Poor man's JavaFX Script is, er... Javascript

Sun has release its own RIA framework called Java FX. It provide JavaFX Script, which is a language based on Java whose goal is to develop quickly graphical applications with the power of Java. Is it touted as competition to Flex that I have mentioned before. It is safe to say that it hasn't been received with a great deal of enthusiasm. The fact is, I don't want to learn another language again to do my Web 2.0 application. And I do believe that Fielding has a point when he reflects that applets break visibility and raise the barrier of entry for web developers. Also, I'm usually all in favor of static typing and compilation, but for GUIs I'm not too sure. When you want to tweak your borders or your layouts you probably happy enough with a quick cycle of change code/refresh page. So why don't we use Javascript and Java Applets together instead of inventing yet another technology?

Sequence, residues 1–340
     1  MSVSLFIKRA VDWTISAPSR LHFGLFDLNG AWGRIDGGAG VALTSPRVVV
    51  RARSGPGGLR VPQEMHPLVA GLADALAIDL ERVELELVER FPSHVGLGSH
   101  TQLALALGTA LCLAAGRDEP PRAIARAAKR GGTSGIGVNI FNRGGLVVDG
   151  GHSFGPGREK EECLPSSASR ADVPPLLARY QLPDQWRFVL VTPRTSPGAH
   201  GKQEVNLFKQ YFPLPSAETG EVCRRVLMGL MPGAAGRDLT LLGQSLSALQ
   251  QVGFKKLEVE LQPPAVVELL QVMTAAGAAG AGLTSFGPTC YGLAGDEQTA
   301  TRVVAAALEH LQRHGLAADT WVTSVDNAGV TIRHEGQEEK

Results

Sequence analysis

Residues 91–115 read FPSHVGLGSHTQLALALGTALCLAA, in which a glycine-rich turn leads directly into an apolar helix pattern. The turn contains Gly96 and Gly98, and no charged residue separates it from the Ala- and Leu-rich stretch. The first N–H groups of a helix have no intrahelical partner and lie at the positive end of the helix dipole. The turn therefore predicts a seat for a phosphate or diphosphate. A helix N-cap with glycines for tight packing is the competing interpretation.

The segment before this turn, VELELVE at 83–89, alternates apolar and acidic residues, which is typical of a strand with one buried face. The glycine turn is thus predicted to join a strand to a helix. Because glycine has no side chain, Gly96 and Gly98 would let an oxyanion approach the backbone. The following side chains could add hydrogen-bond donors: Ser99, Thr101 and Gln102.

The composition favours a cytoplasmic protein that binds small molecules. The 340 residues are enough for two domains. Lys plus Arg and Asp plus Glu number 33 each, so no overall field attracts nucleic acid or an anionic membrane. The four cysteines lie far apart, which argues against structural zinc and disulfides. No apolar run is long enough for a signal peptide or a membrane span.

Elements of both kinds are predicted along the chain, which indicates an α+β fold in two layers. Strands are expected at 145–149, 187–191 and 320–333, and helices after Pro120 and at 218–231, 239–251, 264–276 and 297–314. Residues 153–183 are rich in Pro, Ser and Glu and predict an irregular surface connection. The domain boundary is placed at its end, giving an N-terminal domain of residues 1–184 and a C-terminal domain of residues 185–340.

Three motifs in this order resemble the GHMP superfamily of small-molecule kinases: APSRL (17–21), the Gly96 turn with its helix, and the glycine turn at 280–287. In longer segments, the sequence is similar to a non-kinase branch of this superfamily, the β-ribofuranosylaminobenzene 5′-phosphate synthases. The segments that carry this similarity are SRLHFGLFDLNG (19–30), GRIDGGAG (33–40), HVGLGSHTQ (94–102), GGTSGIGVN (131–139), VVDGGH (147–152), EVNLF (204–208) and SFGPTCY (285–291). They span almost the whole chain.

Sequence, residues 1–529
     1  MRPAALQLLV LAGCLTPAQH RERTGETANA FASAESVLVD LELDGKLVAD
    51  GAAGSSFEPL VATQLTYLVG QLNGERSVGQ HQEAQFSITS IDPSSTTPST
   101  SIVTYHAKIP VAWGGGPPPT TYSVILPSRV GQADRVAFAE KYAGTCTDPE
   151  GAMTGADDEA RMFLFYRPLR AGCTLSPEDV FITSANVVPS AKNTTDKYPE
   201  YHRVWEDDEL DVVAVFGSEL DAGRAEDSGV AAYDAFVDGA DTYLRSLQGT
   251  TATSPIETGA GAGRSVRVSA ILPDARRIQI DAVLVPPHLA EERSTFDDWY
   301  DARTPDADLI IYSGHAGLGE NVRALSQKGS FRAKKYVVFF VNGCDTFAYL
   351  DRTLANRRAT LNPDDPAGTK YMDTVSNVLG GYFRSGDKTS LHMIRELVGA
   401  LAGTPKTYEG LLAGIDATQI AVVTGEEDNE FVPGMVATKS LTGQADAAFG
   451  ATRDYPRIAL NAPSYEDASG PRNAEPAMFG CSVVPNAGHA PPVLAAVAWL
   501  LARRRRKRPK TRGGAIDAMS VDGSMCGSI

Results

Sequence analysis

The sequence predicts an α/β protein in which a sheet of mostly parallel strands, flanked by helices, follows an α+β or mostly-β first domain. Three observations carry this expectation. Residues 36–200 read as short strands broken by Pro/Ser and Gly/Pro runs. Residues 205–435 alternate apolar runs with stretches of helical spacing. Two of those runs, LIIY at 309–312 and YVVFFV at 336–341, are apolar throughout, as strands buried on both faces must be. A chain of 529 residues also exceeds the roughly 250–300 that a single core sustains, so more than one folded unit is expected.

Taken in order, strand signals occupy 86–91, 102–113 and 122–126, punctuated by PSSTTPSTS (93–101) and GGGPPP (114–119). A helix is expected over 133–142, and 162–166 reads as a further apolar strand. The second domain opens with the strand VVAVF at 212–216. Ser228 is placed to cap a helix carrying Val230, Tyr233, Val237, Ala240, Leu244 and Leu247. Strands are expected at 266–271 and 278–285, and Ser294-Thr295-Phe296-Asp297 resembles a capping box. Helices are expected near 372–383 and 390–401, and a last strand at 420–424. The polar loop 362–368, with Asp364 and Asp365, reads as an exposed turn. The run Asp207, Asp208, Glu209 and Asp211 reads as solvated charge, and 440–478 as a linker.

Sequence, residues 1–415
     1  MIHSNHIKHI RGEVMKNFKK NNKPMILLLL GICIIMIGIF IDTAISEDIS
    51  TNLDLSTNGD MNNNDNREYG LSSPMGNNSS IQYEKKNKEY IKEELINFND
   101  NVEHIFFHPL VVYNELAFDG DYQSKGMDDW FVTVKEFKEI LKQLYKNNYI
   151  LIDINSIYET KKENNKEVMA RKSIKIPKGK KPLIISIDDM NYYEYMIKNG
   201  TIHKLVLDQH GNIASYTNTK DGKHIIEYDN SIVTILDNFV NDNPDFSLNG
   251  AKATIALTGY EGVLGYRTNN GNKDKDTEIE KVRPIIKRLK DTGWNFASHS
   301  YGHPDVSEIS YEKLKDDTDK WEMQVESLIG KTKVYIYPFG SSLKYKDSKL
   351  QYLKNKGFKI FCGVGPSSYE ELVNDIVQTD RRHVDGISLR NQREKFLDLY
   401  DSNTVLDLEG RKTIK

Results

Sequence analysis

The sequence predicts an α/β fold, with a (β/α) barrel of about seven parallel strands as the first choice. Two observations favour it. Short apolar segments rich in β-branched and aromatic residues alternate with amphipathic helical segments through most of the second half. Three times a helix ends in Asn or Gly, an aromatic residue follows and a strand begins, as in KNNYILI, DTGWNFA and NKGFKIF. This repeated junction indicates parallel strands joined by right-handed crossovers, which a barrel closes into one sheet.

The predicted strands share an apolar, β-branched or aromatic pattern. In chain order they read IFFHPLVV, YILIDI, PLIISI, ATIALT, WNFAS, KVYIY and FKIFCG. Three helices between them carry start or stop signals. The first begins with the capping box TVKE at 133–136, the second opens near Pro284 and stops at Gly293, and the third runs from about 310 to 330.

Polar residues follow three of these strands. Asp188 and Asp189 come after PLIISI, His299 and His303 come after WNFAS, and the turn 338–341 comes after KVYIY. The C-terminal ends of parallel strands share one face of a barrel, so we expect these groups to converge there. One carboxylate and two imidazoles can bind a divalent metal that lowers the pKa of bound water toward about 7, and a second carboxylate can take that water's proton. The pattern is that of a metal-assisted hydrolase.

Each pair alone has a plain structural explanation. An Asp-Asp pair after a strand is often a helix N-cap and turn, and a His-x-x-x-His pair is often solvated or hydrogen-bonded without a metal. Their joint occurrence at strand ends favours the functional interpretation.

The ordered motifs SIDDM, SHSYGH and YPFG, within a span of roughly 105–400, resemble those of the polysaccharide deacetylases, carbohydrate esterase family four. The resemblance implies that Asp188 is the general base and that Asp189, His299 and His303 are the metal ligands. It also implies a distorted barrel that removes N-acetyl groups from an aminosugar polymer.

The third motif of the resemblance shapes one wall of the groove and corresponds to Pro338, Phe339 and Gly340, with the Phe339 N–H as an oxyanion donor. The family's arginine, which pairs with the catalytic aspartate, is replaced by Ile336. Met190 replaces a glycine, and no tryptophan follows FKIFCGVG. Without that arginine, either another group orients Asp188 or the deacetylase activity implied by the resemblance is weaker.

Ok, it's time you get over your irrational distrust of Javascript. A multi paradigm (object, functional) language available for free in every browser!! And no, I don't suggest we go on using the HTML DOM or things like that. That's why we need applets.
Applets? I must be mad! Applets have not worked on the web. But what I suggest is not to develop one applet for each RIA application, but only develop one Applet that everybody could use, much like a plugin, that would bridge the gap between the JavaScript world and the Java/Swing world. If it has been done, please let me know. As for me, I've put together a prototype in an hour that works fine:
  1. The JavaScript code constructs an object tree that represents the GUI.
  2. The object tree is serialized to JSON and passed on to the applet
  3. The applet deserializes the JSON and constructs a Swing GUI by translating the object tree
  4. The object tree can contain handlers that are the names of Javascript functions
  5. The applet calls the javascript functions on Swing events
  6. The JavaScript event handlers update the GUI tree and notify the applet with the changes.